As an exploratory analysis of the ETLs-development nexus, Fig. 4 plots the average growth rates achieved by African elected leaders during their first, second, and subsequent terms. Two main findings could be highlighted. First, if we compare African presidents’ economic performance during the first and second term in office, no evidence of a “lame duck” effect can be detected. Yet the most interesting result emerges from the comparison between African presidents’ developmental performance during the first two terms and during third and subsequent terms. In this case, the graph highlights a substantial gap in terms of growth rates, which suggests a negative effect of prolonged tenures.

Fig. 4
figure4

Source: AETL and World Bank’s World Development Indicators. Notes: leaders elected in parliamentary systems are not considered, with the exception of Botswana and South Africa’s term-limited presidents

ETL and economic growth.

Conclusion

The introduction of ETLs in several sub-Saharan states has significantly shaped politics in this region during the past three decades. Despite the relevance of these institutions for Africa’s present and future and the attention they have gained in the academic debate, a shortage of systematic and comprehensive collections of data has hampered comparative research, thus far.

This article illustrated a new AETL dataset, which aims at filling this gap. The geographical coverage, and the detailed and large amount of information that AETL codifies and organises in three nested levels of analysis, are the main advantages of this dataset. Besides its use as an updated and comprehensive source of information on ETLs politics south of the Sahara, the dataset helps investigate a plurality of comparative questions regarding, for instance, the incentives behind ETLs compliance and defiance, the determinants of success and failure in ETLs manipulation, and the broader policy-making consequences of ETLs.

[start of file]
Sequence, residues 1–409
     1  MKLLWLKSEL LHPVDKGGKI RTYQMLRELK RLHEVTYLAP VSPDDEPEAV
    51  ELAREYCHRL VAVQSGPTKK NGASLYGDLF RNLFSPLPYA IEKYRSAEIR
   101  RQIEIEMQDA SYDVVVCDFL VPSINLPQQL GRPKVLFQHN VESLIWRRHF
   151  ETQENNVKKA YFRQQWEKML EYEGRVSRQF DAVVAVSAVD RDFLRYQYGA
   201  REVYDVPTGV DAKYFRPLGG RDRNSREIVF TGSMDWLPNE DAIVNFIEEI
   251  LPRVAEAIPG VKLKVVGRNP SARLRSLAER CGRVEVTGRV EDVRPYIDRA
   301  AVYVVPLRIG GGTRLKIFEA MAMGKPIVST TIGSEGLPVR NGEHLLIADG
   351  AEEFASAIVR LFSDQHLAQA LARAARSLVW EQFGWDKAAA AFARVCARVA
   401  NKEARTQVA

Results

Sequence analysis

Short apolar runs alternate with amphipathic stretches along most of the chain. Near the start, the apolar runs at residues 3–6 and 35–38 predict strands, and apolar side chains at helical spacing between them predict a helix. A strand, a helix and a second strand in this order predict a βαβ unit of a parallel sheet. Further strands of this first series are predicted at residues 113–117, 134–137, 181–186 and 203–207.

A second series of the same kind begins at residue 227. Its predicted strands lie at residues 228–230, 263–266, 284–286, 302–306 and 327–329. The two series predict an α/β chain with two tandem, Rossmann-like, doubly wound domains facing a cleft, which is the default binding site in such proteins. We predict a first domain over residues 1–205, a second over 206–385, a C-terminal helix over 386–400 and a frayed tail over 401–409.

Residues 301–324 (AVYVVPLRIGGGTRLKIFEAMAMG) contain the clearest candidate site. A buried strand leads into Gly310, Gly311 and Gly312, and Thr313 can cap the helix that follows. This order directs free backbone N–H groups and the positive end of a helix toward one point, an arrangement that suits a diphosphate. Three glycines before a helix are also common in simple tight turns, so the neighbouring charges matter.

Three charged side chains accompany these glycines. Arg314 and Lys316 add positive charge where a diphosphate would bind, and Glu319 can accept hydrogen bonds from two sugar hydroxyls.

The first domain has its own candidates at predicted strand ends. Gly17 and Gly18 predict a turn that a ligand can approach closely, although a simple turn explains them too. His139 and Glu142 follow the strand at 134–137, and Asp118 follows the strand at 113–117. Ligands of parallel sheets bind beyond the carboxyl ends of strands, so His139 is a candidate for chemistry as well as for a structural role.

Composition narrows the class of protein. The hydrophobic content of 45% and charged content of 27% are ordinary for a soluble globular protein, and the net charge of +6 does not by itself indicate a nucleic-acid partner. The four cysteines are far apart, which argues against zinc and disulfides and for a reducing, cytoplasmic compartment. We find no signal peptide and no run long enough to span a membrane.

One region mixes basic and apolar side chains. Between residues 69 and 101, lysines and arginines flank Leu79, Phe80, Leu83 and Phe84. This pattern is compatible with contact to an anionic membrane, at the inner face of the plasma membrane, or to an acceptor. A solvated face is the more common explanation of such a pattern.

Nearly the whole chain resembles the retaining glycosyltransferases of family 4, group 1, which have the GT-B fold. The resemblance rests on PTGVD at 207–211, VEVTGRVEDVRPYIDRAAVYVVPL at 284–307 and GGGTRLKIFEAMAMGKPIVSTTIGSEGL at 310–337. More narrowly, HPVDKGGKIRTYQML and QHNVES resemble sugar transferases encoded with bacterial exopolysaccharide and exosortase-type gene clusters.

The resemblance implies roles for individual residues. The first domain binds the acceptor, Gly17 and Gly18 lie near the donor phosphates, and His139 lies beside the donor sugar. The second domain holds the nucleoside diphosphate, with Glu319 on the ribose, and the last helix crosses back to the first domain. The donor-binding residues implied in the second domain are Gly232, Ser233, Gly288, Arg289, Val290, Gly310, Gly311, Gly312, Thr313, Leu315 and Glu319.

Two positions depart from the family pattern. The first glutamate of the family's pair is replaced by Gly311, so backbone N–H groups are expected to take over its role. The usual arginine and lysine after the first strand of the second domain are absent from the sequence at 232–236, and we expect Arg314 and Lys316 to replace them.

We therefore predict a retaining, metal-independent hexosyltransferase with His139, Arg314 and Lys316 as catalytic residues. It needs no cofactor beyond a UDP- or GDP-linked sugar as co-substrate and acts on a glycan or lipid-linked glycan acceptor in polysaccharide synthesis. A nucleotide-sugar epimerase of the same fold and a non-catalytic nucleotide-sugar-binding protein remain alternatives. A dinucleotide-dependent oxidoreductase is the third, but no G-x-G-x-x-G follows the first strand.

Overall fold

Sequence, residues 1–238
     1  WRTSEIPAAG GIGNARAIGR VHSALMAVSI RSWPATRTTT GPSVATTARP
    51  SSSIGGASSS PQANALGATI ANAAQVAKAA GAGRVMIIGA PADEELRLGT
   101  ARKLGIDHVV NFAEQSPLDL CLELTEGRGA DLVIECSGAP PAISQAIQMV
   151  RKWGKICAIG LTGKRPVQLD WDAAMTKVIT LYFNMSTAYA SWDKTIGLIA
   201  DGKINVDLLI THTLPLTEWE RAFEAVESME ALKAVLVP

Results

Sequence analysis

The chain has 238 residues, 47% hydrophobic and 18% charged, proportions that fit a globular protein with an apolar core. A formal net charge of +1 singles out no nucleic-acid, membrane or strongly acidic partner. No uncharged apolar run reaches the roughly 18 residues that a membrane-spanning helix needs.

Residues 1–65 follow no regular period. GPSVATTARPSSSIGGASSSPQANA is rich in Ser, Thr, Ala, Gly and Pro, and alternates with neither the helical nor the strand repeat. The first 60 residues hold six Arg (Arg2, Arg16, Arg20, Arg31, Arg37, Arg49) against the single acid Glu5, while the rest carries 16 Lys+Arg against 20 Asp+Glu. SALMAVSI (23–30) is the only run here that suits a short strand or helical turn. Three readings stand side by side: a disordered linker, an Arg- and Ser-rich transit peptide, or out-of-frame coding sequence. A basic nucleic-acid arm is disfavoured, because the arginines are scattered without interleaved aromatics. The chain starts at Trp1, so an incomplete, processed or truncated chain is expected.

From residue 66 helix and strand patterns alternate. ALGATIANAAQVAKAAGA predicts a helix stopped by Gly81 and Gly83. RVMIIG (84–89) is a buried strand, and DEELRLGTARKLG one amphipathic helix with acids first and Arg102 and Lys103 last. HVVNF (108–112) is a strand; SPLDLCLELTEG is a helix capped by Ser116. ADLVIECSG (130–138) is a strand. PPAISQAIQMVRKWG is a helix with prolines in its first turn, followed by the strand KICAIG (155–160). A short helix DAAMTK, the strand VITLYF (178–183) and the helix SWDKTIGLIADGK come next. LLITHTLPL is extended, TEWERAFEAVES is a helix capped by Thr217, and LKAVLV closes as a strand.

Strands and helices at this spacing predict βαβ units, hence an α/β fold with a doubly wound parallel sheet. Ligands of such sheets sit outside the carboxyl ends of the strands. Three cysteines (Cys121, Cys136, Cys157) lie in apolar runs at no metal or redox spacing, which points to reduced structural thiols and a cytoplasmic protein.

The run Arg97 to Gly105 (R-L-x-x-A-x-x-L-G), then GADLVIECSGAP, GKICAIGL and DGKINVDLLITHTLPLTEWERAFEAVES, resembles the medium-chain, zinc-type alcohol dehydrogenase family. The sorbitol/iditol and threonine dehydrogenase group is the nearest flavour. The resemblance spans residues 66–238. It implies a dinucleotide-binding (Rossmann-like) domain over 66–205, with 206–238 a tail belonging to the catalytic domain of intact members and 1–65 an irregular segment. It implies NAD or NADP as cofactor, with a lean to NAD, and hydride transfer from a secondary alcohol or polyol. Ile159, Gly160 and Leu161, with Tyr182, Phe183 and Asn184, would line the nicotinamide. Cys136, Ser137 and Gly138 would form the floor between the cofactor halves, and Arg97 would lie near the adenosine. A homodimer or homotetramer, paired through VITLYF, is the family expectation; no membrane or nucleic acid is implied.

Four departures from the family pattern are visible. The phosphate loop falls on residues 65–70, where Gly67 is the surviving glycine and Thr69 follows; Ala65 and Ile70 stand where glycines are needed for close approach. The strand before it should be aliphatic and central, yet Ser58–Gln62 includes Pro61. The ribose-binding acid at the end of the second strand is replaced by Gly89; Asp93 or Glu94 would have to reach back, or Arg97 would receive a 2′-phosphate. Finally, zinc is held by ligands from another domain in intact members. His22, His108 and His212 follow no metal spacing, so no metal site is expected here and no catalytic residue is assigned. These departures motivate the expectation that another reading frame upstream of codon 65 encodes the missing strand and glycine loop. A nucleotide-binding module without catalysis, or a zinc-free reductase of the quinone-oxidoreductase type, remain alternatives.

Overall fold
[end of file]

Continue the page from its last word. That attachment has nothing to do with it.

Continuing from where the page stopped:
To set the ground for future research, the article presented a few explorative analyses using the new data. Preliminary findings highlight a negative influence of prolonged tenures for development, a positive effect of ETLs on government alternation (even though opposition parties appear more and more able to challenge incumbent rulers, and not only their successor candidates), and an increasing trend in African leaders’ compliance with ETLs. Taken together, this is good news for Africa, but a more thorough assessment of this evidence is required. The new AETL dataset represents a versatile research tool to conduct this kind of research.

Notes

  1. 1.

    For example, the former president of Gambia Yahya Jammeh took power in a 1994 coup and was subsequently elected in 1996. Similarly, Nigerian Goodluck Jonathan took power in 2010 as interim president following the death of his predecessor and was subsequently elected in 2011.

  2. 2.

    These include a past as non-elected ruler (Heilbrunn 2019 on Togo), the precedent set by the predecessors (Posner and Young 2018 and Cheeseman 2019 on Kenya), military loyalty (Harkness 2017 on Cameroon), ruling party cohesion (VonDoepp 2019 on Malawi), opposition strength (Cheeseman 2019 on Zambia) and civil society’s mobilisation capacity (Moestrup 2019 on Burkina Faso; Heyl 2019 on Senegal).

  3. 3.

    To be sure, despite their formally legal nature, ETLs-related court rulings, parliamentary bills and referenda largely represent “autocratic legalism” (Scheppele 2018), concealing a great deal of court co-optation, legislative vote buying, and biased electoral procedures.

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Correspondence to Andrea Cassani.

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Cassani, A. Law-abiders, lame ducks, and over-stayers: the Africa Executive Term Limits (AETL) dataset. Eur Polit Sci 20, 543–555 (2021). https://doi.org/10.1057/s41304-020-00291-w

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Keywords

  • Sub-Saharan Africa
  • Term limits
  • Dataset
  • Democratization
  • Autocratization
  • Personal rule